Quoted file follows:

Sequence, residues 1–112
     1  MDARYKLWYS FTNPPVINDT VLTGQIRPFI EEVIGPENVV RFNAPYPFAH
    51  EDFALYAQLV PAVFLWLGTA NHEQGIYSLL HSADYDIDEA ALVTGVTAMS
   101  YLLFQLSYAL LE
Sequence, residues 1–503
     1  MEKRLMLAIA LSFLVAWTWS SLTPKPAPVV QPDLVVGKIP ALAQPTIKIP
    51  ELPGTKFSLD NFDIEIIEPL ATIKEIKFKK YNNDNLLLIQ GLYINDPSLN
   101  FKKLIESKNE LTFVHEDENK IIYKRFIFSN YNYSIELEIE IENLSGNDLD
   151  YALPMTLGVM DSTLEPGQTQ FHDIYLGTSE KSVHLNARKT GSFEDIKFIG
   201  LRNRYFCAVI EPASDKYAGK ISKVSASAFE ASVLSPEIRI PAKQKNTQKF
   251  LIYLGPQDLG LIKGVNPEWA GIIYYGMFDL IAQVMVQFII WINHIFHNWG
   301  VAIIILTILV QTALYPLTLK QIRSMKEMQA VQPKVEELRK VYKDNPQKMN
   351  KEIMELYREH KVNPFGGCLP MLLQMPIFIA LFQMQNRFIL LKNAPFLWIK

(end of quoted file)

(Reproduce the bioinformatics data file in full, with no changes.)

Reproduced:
Sequence, residues 1–112
     1  MDARYKLWYS FTNPPVINDT VLTGQIRPFI EEVIGPENVV RFNAPYPFAH
    51  EDFALYAQLV PAVFLWLGTA NHEQGIYSLL HSADYDIDEA ALVTGVTAMS
   101  YLLFQLSYAL LE
Sequence, residues 1–503
     1  MEKRLMLAIA LSFLVAWTWS SLTPKPAPVV QPDLVVGKIP ALAQPTIKIP
    51  ELPGTKFSLD NFDIEIIEPL ATIKEIKFKK YNNDNLLLIQ GLYINDPSLN
   101  FKKLIESKNE LTFVHEDENK IIYKRFIFSN YNYSIELEIE IENLSGNDLD
   151  YALPMTLGVM DSTLEPGQTQ FHDIYLGTSE KSVHLNARKT GSFEDIKFIG
   201  LRNRYFCAVI EPASDKYAGK ISKVSASAFE ASVLSPEIRI PAKQKNTQKF
   251  LIYLGPQDLG LIKGVNPEWA GIIYYGMFDL IAQVMVQFII WINHIFHNWG
   301  VAIIILTILV QTALYPLTLK QIRSMKEMQA VQPKVEELRK VYKDNPQKMN
   351  KEIMELYREH KVNPFGGCLP MLLQMPIFIA LFQMQNRFIL LKNAPFLWIK